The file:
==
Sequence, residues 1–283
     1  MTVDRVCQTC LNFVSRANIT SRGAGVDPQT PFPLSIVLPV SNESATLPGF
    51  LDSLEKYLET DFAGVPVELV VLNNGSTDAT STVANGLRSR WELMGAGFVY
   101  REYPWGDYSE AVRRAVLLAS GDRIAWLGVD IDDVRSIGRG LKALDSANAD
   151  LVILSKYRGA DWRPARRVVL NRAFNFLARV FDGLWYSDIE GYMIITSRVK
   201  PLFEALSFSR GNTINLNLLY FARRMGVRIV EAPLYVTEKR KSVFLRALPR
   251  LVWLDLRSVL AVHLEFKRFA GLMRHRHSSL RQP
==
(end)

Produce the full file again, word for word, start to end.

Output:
Sequence, residues 1–283
     1  MTVDRVCQTC LNFVSRANIT SRGAGVDPQT PFPLSIVLPV SNESATLPGF
    51  LDSLEKYLET DFAGVPVELV VLNNGSTDAT STVANGLRSR WELMGAGFVY
   101  REYPWGDYSE AVRRAVLLAS GDRIAWLGVD IDDVRSIGRG LKALDSANAD
   151  LVILSKYRGA DWRPARRVVL NRAFNFLARV FDGLWYSDIE GYMIITSRVK
   201  PLFEALSFSR GNTINLNLLY FARRMGVRIV EAPLYVTEKR KSVFLRALPR
   251  LVWLDLRSVL AVHLEFKRFA GLMRHRHSSL RQP